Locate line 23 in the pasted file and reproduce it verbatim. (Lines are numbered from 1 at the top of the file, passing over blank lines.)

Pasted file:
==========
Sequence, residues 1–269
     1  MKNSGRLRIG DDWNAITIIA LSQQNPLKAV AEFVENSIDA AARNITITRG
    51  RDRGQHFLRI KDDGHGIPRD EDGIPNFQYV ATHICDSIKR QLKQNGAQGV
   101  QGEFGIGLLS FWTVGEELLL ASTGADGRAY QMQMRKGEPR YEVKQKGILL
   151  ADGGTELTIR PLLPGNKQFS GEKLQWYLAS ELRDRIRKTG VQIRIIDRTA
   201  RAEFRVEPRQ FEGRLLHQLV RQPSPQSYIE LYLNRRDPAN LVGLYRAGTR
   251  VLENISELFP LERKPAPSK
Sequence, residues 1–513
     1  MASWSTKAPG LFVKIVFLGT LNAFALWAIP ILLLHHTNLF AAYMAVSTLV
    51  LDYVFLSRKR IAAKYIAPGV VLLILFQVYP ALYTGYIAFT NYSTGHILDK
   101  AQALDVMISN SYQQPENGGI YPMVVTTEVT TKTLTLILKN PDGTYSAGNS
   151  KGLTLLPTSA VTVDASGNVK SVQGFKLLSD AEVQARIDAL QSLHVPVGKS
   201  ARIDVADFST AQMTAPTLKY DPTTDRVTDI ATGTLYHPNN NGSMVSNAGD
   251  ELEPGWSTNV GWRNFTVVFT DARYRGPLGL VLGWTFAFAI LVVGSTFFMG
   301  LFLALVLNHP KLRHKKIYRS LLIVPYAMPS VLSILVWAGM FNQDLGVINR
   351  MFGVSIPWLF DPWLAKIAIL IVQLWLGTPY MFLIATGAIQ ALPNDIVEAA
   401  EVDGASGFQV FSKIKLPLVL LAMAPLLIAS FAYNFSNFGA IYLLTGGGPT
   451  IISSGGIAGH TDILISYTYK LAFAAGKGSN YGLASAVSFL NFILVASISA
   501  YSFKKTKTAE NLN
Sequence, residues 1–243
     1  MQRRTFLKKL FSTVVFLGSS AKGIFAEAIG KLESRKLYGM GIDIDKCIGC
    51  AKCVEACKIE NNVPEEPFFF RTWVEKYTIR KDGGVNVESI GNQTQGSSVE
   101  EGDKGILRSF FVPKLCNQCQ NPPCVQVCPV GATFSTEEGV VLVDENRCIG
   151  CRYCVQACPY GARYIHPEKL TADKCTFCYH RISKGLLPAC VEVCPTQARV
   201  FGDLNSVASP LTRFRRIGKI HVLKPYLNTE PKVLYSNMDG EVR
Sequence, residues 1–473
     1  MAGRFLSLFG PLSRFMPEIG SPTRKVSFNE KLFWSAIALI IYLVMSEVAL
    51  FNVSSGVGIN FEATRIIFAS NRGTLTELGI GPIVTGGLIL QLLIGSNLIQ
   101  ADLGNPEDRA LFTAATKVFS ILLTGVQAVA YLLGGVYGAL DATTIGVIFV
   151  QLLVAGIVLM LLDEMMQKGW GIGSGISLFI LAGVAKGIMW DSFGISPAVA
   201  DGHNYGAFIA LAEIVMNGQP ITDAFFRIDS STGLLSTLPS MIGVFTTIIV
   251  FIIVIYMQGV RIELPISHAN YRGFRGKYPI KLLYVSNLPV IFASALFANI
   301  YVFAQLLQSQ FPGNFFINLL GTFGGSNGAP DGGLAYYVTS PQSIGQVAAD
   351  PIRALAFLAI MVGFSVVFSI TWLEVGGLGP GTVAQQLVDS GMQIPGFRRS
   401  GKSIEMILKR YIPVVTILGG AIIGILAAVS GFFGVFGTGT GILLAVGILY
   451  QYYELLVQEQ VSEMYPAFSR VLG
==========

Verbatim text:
   101  EGDKGILRSF FVPKLCNQCQ NPPCVQVCPV GATFSTEEGV VLVDENRCIG